# (Q and/or W) A closed system is one that does not exchange matter with its surroundings, although it may exchange energy. dn i = 0(i = 1, 2, …..)(1.1)

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(Q and/or W)

A closed system is one that does not exchange matter with its surroundings, although it may exchange energy. dn i = 0(i = 1, 2, …..)(1.1) No internal energy transported across boundary. All energy exchange between a closed system and its surroundings appears as heat and work. The total energy change of the surroundings equals the net energy transferred to or from it as heat and work.

First and second laws of Thermodynamics: (1.2) For reversible process: (1.3) withT dS = dQ rev : heat absorbed by the system - P dV = dW rev : work done by the system If the interaction occurs irreversibly: (1.4)

The internal energy change can be calculated by integrating eq. (1.2): (1.5) For process occurring at constant S and V: (1.6) At constant S and V, U tends toward a minimum in an actual or irreversible process in a closed system, and remains constant in a reversible process. Eq. (1.6) provides a criterion for equilibrium in a closed system.

Definition: (1.7) Differentiating eq. (1.7) yields: Combining the above equation with eq. (1.3) leads to For a closed system at constant S and P : (1.8) (1.9)

the Helmholtz free energy (A) is a thermodynamic potential that measures the “useful” work obtainable from a closed system at a constant temperature and volume. –  A = the maximum amount of work extractable from a thermodynamic process in which temperature and volume are held constant. Under these conditions, it is minimized at equilibrium.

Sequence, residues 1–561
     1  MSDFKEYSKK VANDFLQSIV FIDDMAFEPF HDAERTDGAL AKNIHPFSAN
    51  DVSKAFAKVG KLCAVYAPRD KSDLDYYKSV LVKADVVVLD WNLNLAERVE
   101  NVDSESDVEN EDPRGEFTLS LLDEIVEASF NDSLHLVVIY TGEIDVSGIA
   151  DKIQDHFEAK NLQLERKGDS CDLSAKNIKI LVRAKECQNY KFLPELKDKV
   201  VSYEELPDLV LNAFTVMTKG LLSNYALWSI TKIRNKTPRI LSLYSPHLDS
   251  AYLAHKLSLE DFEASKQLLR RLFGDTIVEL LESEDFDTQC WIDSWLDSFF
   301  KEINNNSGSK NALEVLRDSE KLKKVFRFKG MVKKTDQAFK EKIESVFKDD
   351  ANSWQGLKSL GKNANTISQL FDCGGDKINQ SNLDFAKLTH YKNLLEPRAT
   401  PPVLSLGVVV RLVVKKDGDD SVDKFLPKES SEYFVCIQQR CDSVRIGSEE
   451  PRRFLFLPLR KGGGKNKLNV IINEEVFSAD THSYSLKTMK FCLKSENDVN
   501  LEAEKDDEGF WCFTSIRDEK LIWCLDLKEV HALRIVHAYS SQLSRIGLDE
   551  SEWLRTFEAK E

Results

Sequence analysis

Definition: (1.10) Differentiating eq. (1.10) yields: Combining the above equation with eq. (1.3) leads to For a closed system at constant T and V : (1.11) (1.12)

Gibbs free energy (G) is a thermodynamic potential that measures the "useful" or process-initiating work obtainable from a thermodynamic system at a constant temperature and pressure (isothermal, isobaric). The Gibbs free energy is the maximum amount of non- expansion work that can be extracted from a closed system; this maximum can be attained only in a completely reversible process.

Definition: (1.13) Differentiating eq. (1.13) yields: Combining the above equation with eq. (1.8) leads to For a closed system at constant P and T : (1.14) (1.15)

If F = F(x, y), the total differential of F is: with (1.16)

Further differentiation yields Hence from equation: we obtain: (1.17)

Resume: (1.3) (1.8) (1.11) (1.14)

According to eq. (1.17): (1.18) (1.19) (1.20) (1.21)

(1.22) (1.23) Enthalpy As a function of P and T, we may express: Total differential of the above equation is (  H/  T) P is obtained from the definition of C P :

(1.25) (1.24) (  H/  P) T is derived from fundamental equation: (1.8) Differentiation with respect of P at constant T yields: Combining eq. (1.24) with Maxwell equation (1.21): Introducing eqs. (1.23) and (1.25) into eq. (1.22) results in : (1.26)

Kalau T konstan,

(1.27) Entropy As a function of P and T, we may express: Total differential of the above equation is (  S/  P) T is obtained from the Maxwell equation (1.21) (1.21)

(1.29) (1.28) (  S/  T) P is derived from fundamental equation: (1.8) Differentiation with respect of T at constant P yields: Combining eq. (1.23) with (1.28): Introducing eqs. (1.21) and (1.29) into eq. (1.27) results in : (1.30)

(1.31) Enthalpy of ideal gas From eq. (1.26) (1.32)

Entropy of ideal gas (1.33) From eq. (1.30)